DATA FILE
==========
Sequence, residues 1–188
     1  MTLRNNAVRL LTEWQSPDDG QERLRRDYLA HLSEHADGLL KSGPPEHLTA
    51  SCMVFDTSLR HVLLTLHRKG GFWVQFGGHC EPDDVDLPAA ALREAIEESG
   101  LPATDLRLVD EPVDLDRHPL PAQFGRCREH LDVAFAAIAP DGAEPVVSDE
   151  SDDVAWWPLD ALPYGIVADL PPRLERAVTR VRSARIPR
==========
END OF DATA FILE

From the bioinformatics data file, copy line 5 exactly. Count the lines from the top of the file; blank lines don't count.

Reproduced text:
   151  SDDVAWWPLD ALPYGIVADL PPRLERAVTR VRSARIPR